With Apple dropping legacy ports, accessory manufacturers aren’t going to start making USB-C devices immediately, which means you’ll have to rely on docks and dongles. But the very presence of these docks and dongles means accessory manufacturers don’t have to upgrade their connectors any time soon. So this is a really shitty chicken and egg situation that Apple has created and the winners in this are Apple and the accessory manufacturers and the losers, as usual, are the consumers.
Sure, eventually this will all change and we will have native USB-C devices to plug in directly. But no one knows how long that will take, which means resigning to the dongle life for the foreseeable future.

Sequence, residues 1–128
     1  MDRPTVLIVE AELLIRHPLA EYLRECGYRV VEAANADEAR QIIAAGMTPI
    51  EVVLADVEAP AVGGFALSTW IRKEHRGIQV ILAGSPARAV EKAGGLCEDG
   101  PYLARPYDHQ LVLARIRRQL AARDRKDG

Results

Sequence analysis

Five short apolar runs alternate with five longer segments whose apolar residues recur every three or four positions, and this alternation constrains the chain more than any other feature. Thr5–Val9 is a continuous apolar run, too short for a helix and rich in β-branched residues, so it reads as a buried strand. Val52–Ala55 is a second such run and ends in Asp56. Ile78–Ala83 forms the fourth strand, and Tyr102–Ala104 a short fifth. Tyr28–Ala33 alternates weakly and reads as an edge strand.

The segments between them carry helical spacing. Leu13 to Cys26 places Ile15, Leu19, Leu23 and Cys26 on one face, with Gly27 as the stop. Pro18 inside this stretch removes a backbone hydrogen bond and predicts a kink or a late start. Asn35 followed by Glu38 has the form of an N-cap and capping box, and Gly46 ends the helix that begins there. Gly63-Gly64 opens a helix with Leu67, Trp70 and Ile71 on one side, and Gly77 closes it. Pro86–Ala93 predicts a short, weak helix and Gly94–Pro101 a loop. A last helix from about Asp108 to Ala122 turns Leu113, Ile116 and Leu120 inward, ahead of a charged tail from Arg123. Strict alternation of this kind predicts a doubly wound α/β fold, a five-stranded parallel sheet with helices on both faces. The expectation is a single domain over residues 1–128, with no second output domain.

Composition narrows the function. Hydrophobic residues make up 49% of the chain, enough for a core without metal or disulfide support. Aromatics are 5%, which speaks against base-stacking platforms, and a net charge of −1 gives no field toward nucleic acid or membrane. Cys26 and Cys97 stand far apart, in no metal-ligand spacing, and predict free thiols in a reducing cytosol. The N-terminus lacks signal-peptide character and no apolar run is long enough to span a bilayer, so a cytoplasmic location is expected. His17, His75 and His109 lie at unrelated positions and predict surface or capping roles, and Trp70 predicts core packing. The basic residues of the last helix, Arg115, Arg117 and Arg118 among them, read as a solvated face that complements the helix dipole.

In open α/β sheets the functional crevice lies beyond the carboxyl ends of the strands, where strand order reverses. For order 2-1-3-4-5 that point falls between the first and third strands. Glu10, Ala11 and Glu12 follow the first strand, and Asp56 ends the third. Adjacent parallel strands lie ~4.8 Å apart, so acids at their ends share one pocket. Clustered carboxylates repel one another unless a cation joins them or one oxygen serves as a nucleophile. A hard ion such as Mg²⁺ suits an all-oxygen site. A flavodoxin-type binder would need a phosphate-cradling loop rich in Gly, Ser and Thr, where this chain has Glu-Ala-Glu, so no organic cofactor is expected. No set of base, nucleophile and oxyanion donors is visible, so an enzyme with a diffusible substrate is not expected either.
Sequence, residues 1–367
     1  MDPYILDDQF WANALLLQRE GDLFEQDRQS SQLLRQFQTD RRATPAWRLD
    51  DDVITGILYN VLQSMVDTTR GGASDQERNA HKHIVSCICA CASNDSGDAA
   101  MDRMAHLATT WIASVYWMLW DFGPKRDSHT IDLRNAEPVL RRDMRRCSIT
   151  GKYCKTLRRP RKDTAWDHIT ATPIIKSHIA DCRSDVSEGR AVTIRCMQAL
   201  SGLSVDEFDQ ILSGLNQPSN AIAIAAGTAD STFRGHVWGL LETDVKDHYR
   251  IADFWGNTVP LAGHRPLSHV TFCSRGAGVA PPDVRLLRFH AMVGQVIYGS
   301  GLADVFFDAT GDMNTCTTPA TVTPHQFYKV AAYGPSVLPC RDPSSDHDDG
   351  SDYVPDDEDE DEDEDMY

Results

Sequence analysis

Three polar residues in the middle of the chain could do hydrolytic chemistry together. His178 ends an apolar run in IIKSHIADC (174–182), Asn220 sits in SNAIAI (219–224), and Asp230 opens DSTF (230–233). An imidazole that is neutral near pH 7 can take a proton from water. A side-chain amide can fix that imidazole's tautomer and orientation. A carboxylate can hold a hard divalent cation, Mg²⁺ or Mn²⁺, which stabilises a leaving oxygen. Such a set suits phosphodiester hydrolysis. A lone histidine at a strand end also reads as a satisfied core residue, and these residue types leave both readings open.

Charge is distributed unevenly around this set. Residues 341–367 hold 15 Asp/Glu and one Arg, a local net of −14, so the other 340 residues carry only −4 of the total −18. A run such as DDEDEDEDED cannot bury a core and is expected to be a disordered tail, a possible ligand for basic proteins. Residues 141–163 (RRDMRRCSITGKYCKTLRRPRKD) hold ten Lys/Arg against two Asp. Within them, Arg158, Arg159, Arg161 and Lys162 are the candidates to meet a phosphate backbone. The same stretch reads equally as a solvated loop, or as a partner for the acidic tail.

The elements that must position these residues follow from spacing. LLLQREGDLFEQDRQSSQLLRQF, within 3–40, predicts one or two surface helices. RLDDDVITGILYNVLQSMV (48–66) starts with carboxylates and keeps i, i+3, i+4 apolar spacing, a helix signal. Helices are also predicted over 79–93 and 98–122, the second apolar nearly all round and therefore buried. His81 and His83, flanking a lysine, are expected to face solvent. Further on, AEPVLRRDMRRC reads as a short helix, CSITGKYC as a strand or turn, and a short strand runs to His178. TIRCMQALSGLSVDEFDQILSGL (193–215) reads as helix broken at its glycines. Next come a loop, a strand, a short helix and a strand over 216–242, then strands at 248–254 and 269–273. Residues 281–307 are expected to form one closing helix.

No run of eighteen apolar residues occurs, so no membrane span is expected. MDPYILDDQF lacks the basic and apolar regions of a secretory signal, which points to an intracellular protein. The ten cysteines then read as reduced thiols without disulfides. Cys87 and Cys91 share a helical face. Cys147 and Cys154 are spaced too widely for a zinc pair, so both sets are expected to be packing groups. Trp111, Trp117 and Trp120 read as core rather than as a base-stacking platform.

Personally, I’m more miffed about the lack of an SD slot. Unlike, say, your external keyboard or portable hard drive that will someday get a native USB-C connector, SD cards are now forever relegated to the dongle life. One of the things that I loved about notebooks is that almost all of them come with a native SD slot that would just let you plug the card in. Anyone who uses their camera a lot knows how irreplaceable the SD slot on their computer is. Having to use an adapter every single time here onwards sounds like a major annoyance to me.